IN THE INTEREST OF L.A., Minor Child, P.M. and M.M., Intervenors, Appellants.
from the Iowa District Court for Dickinson County, David C.
Larson, District Associate Judge.
child's foster family appeals the juvenile court's
denial of their motion for temporary injunction.
M. Halverson of Klay, Veldhuizen, Bindner, De Jong &
Halverson, PLC, Paullina, for appellant intervenors.
J. Miller, Attorney General, and Mary A. Triick, Assistant
Attorney General, for appellee State.
Shannon Sandy, Spirit Lake, guardian ad litem for minor
Considered by Doyle, P.J., and Mullins and McDonald, JJ.
March 2018, the child at issue, L.A., was removed from his
mother's care and placed in the custody of the Iowa
Department of Human Services ("IDHS") for placement
in foster care. In April 2018, the child was adjudicated in
need of assistance, and the juvenile court ordered the child
remain in the custody of IDHS for placement in family foster
care. IDHS subsequently placed L.A. with a foster family. In
August 2018, IDHS notified L.A.'s foster family it
intended to end placement of L.A. in their home and place
L.A. with a different family, which was already providing
care to L.A.'s older half-sibling. See Iowa Code
§ 232.108 (2018) (recognizing a preference that siblings
be placed together). L.A.'s foster family moved to
intervene in this proceeding and sought a temporary
injunction to prohibit IDHS from changing L.A.'s
placement. The juvenile court granted the foster family's
motion to intervene, but it denied the motion for temporary
injunction. The foster family timely filed this appeal to
challenge the denial of their motion for temporary
review child-in-need-of-assistance proceedings de novo.
See In re D.D., 653 N.W.2d 359, 361 (Iowa 2002). We
examine both the facts and law, and we "adjudicate
[anew] those issues properly preserved and presented."
In re L.G., 532 N.W.2d 478, 480 (Iowa Ct. App.
1995). "Although our review is de novo, we afford
deference to the district court for institutional and
pragmatic reasons." Hensch v. Mysak, 902 N.W.2d
822, 824 (Iowa Ct. App. 2017).
novo review, we conclude the juvenile court did not err in
denying the foster family's motion for temporary
injunction. Here, the dispositional order placed L.A. in the
custody of IDHS for placement in foster family care. As we
explained in a recent case, the particular physical placement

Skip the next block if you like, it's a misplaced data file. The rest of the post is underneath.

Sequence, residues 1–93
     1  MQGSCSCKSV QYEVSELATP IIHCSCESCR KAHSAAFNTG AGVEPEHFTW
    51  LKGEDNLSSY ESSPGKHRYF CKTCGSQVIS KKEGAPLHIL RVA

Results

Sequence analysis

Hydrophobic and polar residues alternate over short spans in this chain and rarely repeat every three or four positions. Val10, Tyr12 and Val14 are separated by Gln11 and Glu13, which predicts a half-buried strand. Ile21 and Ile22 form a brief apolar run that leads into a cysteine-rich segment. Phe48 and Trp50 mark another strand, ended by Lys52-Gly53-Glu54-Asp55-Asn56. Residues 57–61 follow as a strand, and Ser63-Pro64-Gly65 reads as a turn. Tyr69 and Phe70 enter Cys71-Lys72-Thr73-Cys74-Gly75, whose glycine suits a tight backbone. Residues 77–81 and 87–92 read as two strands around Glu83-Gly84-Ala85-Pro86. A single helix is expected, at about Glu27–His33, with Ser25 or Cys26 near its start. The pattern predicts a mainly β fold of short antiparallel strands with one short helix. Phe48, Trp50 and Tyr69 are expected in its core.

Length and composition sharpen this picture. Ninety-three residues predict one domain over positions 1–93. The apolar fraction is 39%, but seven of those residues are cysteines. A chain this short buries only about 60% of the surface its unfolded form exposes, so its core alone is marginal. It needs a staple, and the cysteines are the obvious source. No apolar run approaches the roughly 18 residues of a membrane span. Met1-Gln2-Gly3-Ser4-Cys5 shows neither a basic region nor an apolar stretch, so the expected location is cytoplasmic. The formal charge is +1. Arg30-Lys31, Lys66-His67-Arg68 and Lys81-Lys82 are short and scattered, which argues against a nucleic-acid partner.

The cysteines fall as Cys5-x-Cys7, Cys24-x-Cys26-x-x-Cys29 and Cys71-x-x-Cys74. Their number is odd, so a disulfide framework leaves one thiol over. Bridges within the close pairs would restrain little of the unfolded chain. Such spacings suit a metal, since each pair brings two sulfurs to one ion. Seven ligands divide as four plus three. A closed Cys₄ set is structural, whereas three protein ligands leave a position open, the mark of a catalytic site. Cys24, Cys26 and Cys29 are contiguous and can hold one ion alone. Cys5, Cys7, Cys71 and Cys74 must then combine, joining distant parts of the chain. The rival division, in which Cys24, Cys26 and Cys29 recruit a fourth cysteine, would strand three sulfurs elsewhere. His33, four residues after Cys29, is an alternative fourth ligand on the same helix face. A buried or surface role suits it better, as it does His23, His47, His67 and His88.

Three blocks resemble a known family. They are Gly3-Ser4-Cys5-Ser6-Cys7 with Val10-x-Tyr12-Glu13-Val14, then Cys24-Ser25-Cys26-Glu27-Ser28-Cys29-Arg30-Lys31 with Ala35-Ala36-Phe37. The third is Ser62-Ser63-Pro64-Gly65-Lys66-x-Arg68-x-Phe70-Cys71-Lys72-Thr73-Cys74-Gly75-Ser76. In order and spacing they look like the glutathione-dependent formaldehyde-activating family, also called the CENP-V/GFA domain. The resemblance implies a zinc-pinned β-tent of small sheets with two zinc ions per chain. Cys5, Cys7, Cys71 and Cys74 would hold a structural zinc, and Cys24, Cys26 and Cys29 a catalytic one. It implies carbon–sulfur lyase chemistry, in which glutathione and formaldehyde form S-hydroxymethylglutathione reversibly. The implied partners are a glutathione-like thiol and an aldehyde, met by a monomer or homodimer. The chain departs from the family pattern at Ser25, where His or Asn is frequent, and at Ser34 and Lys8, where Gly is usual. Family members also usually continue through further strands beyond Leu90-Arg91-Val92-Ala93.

of the child was at IDHS's discretion:
Once the juvenile court selected IDHS to serve as the
child's custodian, it was not the juvenile court's
place to select the particular physical placement of the
child. Instead, IDHS, as legal custodian of the child, was
vested with the authority to select the particular foster
care placement subject to the juvenile court's review.
See Iowa Code § 232.2(11)(b)(1) (providing the
custodian has the right to "maintain or transfer to
another the physical possession of that child"). Even if
the juvenile court could have directed the particular
placement of the child at issue, the physical placement was
in the best interest of the child. Here, IDHS placed the
child in a proven foster home with the child's sibling
and half-sibling. There is a preference for continued sibling
contact. See Iowa Code § 232.108.
In re L.B., No. 18-1165, 2018 WL 4361066, at *2
(Iowa Ct. App. Sept. 12, 2018). There was no legal basis for
the juvenile court to enter a temporary injunction to
prohibit IDHS from doing what it was entitled to do.
review of the record, we are cognizant of the excellent work
this foster family has done in providing care to L.A., and we
understand the family's desire to continue to provide
care for L.A. However, this does not create a legal ground to
interfere with the custodian's placement determination:
The foster care system is designed to provide temporary, not
permanent, homes for children. This is to facilitate the
goals of reunification with the parents or placement in a
relative's home. We certainly recognize the bond that is
developed between a foster parent and child. We also
recognize that a bond between the foster parents and the
child signifies a good foster home. However, if every foster
parent who formed a bond with a child were given enforceable
rights to the children, it would upset the goals of the
system. The legitimate permanency goals of the ...